Anti–interferon-α receptor 1 antibodies attenuate inflammation and organ injury following hemorrhagic shock


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Abstract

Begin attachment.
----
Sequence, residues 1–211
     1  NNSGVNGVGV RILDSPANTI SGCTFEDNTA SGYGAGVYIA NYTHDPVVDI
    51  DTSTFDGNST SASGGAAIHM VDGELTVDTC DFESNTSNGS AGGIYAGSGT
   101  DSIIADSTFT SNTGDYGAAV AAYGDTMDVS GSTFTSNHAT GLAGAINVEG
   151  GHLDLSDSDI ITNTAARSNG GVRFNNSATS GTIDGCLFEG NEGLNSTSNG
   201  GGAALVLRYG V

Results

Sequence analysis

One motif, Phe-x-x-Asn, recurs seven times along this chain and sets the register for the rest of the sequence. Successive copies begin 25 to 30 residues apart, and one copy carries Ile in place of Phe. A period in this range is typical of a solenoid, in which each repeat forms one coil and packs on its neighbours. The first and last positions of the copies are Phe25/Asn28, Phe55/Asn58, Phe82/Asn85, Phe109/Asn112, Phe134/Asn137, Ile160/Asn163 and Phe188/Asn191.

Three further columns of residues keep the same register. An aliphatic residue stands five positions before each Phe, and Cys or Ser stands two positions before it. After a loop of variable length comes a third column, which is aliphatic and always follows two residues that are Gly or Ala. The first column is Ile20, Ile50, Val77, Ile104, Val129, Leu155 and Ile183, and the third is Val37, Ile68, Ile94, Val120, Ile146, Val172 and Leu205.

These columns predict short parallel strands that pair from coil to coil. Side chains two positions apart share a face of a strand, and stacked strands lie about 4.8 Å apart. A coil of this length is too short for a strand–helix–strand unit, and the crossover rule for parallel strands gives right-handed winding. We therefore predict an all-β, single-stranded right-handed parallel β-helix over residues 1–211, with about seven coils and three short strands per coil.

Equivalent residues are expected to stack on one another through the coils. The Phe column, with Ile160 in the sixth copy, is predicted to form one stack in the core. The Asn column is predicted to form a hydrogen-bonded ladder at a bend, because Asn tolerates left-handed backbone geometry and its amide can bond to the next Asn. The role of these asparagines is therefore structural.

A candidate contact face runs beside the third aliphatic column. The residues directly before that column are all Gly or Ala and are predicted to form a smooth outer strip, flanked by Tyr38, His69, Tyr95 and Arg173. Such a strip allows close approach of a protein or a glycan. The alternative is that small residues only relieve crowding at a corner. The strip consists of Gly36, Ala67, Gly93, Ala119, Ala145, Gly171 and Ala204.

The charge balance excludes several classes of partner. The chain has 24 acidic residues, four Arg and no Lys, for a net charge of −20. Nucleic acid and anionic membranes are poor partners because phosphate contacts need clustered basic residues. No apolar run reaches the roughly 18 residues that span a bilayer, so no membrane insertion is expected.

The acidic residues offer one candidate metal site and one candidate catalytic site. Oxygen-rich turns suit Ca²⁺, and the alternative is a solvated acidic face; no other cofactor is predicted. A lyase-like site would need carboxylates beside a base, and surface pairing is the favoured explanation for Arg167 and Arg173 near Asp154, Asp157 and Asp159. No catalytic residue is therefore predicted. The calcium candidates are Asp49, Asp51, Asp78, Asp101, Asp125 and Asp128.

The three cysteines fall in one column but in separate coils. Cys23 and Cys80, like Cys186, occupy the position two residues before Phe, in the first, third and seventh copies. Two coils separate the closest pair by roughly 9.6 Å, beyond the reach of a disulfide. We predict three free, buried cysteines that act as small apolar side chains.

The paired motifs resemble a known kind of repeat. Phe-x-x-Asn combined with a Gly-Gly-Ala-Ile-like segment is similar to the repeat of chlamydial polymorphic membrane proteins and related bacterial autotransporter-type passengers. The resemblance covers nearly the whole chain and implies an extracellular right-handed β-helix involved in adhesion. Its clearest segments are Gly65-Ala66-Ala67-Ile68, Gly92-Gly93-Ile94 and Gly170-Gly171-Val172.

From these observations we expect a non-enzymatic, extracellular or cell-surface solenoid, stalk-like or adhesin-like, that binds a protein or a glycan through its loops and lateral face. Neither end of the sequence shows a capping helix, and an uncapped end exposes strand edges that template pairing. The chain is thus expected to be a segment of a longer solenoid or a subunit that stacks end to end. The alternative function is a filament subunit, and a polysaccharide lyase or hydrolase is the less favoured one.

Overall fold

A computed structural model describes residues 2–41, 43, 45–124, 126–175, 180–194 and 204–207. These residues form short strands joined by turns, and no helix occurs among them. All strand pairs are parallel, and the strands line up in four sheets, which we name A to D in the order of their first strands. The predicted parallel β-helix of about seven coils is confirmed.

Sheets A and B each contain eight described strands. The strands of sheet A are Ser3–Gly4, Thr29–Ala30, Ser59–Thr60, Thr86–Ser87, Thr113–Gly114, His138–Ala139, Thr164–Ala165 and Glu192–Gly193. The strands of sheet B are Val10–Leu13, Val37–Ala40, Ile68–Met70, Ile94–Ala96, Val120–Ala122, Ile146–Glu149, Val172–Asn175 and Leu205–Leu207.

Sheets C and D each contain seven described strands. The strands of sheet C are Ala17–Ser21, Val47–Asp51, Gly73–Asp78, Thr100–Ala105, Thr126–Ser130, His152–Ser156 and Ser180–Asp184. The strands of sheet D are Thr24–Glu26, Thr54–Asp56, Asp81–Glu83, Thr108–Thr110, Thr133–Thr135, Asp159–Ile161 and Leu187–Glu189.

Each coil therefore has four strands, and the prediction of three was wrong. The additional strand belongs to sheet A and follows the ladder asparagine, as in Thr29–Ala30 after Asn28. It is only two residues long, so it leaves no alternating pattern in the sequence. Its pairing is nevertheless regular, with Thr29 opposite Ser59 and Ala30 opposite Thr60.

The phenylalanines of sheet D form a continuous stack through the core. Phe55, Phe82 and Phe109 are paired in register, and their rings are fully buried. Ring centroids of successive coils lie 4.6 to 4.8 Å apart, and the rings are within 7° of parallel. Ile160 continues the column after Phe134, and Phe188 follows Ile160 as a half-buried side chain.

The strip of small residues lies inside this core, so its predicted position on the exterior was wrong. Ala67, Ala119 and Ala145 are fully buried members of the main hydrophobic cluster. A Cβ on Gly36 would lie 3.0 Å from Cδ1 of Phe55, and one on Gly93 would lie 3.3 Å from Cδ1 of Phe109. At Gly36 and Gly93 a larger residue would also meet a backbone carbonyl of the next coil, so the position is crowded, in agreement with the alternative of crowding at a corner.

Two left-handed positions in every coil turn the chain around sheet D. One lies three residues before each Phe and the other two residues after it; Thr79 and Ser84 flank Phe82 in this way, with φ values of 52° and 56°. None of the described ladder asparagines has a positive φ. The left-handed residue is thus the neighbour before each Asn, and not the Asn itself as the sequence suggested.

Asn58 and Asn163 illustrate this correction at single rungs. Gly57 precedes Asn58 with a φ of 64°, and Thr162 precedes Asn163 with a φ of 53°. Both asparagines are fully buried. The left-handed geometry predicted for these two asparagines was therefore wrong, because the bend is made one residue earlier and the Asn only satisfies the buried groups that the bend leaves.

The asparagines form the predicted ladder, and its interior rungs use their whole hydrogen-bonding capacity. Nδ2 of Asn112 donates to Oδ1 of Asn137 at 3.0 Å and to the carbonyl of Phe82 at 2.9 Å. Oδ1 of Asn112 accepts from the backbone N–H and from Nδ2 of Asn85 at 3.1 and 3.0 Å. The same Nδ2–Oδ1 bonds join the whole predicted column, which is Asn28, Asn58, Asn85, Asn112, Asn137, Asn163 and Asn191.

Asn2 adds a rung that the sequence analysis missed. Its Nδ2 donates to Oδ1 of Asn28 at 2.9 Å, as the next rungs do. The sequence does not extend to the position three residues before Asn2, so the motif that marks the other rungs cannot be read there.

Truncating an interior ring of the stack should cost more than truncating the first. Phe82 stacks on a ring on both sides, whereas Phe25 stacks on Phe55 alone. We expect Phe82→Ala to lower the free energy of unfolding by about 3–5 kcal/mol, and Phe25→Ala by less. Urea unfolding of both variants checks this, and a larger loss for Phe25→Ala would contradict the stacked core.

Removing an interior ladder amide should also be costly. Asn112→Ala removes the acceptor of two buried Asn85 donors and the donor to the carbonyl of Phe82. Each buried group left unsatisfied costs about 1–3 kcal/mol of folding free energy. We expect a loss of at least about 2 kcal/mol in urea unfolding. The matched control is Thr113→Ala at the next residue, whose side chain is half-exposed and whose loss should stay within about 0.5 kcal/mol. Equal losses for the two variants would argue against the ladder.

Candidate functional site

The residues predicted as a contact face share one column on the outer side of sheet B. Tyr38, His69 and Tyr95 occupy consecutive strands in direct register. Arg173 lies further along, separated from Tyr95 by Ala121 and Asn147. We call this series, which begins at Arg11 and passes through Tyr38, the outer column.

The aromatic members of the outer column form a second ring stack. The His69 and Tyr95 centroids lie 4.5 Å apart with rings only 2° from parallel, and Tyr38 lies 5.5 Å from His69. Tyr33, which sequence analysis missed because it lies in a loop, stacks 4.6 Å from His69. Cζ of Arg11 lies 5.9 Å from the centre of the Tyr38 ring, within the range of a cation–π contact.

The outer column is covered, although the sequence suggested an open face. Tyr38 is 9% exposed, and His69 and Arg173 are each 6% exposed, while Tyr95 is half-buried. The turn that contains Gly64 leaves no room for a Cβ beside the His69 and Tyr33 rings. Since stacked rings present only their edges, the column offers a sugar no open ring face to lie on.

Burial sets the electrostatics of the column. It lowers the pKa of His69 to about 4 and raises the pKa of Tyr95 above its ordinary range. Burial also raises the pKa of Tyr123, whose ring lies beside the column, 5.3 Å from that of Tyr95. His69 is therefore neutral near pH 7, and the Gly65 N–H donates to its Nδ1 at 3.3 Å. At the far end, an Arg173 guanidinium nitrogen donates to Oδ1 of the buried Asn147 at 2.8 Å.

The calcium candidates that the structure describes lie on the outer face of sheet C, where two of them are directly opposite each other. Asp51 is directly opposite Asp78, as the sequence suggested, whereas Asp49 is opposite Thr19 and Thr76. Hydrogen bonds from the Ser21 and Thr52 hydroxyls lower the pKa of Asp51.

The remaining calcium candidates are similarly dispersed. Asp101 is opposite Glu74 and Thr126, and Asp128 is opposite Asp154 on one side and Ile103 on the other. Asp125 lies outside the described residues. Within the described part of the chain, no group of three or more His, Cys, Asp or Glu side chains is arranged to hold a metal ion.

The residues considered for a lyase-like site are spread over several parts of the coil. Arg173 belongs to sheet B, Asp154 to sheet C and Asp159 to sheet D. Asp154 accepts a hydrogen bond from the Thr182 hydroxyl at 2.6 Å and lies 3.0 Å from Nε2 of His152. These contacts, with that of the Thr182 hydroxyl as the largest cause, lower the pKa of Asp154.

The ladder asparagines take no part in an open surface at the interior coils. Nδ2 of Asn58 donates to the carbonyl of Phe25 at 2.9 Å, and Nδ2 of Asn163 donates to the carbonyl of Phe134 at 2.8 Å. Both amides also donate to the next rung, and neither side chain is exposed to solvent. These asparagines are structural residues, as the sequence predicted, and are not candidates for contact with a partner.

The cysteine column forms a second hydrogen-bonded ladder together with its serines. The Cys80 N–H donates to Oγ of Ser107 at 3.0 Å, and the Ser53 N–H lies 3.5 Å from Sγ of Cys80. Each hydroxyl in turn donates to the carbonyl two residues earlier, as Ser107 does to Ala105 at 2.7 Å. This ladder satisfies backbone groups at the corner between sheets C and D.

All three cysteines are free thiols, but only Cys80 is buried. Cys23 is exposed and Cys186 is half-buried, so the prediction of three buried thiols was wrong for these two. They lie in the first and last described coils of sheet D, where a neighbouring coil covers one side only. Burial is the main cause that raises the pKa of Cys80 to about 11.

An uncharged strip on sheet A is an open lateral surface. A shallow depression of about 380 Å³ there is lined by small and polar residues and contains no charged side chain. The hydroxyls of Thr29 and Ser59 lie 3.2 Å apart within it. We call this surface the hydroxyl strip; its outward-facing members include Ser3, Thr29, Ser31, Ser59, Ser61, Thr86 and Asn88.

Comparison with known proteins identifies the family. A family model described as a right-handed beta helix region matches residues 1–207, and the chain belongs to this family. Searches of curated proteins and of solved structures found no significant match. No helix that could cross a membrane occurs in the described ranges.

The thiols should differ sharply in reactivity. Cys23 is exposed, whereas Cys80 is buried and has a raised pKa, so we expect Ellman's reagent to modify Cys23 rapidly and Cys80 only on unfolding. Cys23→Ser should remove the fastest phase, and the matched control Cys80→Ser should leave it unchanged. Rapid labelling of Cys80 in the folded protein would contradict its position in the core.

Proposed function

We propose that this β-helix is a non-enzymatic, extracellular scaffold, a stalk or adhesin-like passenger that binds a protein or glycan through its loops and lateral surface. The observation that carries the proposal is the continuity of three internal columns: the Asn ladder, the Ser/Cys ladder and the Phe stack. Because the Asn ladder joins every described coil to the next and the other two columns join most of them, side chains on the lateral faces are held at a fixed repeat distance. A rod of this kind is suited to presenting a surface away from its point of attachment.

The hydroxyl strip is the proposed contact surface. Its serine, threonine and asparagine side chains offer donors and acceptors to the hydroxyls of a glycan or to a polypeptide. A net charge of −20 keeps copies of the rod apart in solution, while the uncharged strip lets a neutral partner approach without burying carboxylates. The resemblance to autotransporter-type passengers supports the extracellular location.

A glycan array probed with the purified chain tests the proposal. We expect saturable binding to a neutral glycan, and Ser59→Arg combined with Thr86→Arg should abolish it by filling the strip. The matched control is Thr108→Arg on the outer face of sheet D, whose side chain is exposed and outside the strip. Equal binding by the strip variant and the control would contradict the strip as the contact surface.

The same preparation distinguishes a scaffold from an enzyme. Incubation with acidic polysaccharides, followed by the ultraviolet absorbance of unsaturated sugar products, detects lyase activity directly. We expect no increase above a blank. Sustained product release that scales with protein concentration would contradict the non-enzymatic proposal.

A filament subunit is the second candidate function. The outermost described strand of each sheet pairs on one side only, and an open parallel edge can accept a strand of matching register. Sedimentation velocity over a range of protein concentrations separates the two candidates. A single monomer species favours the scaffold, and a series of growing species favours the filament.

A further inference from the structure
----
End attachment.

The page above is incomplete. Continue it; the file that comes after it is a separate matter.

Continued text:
BACKGROUNDHemorrhagic shock (HS) is a life-threatening condition resulting from rapid and significant loss of intravascular volume, leading to hemodynamic instability and death. Inflammation contributes to the multiple organ injury in HS. Type I interferons (IFNs), such as IFN-α and IFN-β, are a family of cytokines that regulate the inflammatory response through binding to IFN-α receptor (IFNAR) which consists of IFNAR1 and IFNAR2 chains. We hypothesized that type I IFNs provoke inflammation and worsen organ injury in HS.METHODSMale C57BL/6 mice (20–25 g) underwent hemorrhage by controlled bleeding via the femoral artery to maintain a mean arterial pressure of 27 ± 2.5 mm Hg for 90 minutes, followed by resuscitation for 30 minutes with two times shed blood volume of Ringer's lactate solution containing 1 mg/kg body weight of anti-IFNAR1 antibody (Ab) or control isotype-matched IgG (IgG). Blood and tissue samples were collected at 20 hours after the resuscitation for various analyses.RESULTSThe expression of IFN-α and IFN-β mRNAs was significantly elevated in lungs and liver of the mice after HS. The IFNAR1-Ab treatment significantly decreased serum levels of organ injury markers lactate dehydrogenase and aspartate aminotransferase, as well as improved the integrity of lung and liver morphology, compared to the IgG control. The protein levels of proinflammatory cytokines TNF-α and IL-6, and mRNA expression of proinflammatory chemokines monocyte chemoattractant protein (MCP)-1, MCP-2, macrophage inflammatory protein 2 (MIP-2), and keratinocyte cytokine (KC) in the lungs of the HS mice were significantly decreased after treated with IFNAR1-Ab. Moreover, the myeloperoxidase activity and number of apoptotic cells in the lungs of HS mice treated with IFNAR1-Ab were decreased in comparison to the IgG control.CONCLUSIONAdministration of IFNAR1-Ab reduces inflammation and tissue injury. Thus, type I IFN signaling may be a potential therapeutic target for mitigating organ dysfunction in patients suffering from HS.STUDY TYPETranslational animal model.

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